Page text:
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- Syrian casualties surge as jihadis consolidate
Inside the Beltway: The celebrity president
Question of the Day
The leader of the Free World was once just that – a canny stalwart with gravitas intact, ready to take on evil empires, stock market crashes, terrorists, Communism. Yes, once. Celebrity appears to have taken over the office, however, a phenomenon that likely got its start when Bill Clinton broke ranks with the adult population in 1992, donned cool shades and played “Heartbreak Hotel” on his tenor saxophone on late-night TV when he was pursuing the White House.
“It’s nice to see a Democrat blow something besides the election,” host Arsenio Hall told Mr. Clinton, who won the race five months later.
“The pop culture stuff – the cameos on ‘Saturday Night Live’ and ‘The Daily Show,’ the celebrity guests at rallies, the appearances on non-news programs – used to be the frosting on the cake of a campaign. Now it’s the cake,” says National Review contributor Jim Geraghty, who points out that the “post-Cold War celebrity president” is now a very real entity.
President Obama and his campaign team “have either adapted to changing expectations of the president, or accelerated the change in those expectations, by reinventing the role of president as a permanent pop cultural icon,” Mr. Geraghty observes.
“A certain number of Americans who do not watch the news but watch ‘The View’ see the president on that show, joking about himself as ‘eye candy’ and like him. They see him on ‘Entertainment Tonight,’ and Jimmy Fallon, and doing his NCAA bracket picks on SportsCenter, and grilling with Bobby Flay, and so on, and like him because he’s there with the apolitical folks who they like for their comedy, sports coverage, cooking shows.”
THE GLAMOUR PRESIDENT
The aforementioned Mr. Geraghty has attracted the notice of Glamour magazine, which is publicizing its “President Obama’s Glamour Interview” that showcases a sharp focus on women’s rights and abortion. It is not the first time Mr. Obama has taken time to sit down with editor-in-chief Cindi Leive. And it is not the first time that Mr. Geraghty has tracked the evolving glitz of the White House right to the publication.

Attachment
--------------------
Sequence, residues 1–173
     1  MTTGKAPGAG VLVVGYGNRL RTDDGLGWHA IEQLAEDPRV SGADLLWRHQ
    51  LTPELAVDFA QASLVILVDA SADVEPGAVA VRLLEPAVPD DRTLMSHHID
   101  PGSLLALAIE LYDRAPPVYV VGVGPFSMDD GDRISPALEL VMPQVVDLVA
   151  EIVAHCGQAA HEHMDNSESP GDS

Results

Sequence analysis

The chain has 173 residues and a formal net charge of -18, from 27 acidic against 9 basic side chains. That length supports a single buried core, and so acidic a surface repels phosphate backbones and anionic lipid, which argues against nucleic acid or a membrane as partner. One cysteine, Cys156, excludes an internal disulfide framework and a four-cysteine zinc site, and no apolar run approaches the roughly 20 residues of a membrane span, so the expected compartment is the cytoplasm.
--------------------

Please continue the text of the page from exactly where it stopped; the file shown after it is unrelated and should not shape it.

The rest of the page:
“The last time I’d met with President Obama, in 2008 as the country was just getting to know him, we’d talked at length about his family, but this time our conversation had a more serious, sober tenor,” Ms. Leive proclaimed in an earnest personal blog.
“All of which made it ridiculous to me that when word of our interview spread a few weeks later, some pundits pounced on the fact that the president had sat down with Glamour as evidence of a fluffy media strategy: ‘Can’t wait to see what he thinks of the new fall collection,’ scoffed Mr. Geraghty,” the editor pointed out.
Yeah, well. The magazine is on newsstands Oct. 9,; the interview is online for the curious: glmr.me/obama-interview
THE HISTORIC CAMPAIGN
“Politicians employ speech writers as ventriloquists.”
(Columnist George Will, to Newsweek, Dec. 31, 1990.)
Oh, the opportunities. Vice President Joseph R. Biden’s “buried” remark just keeps resonating.
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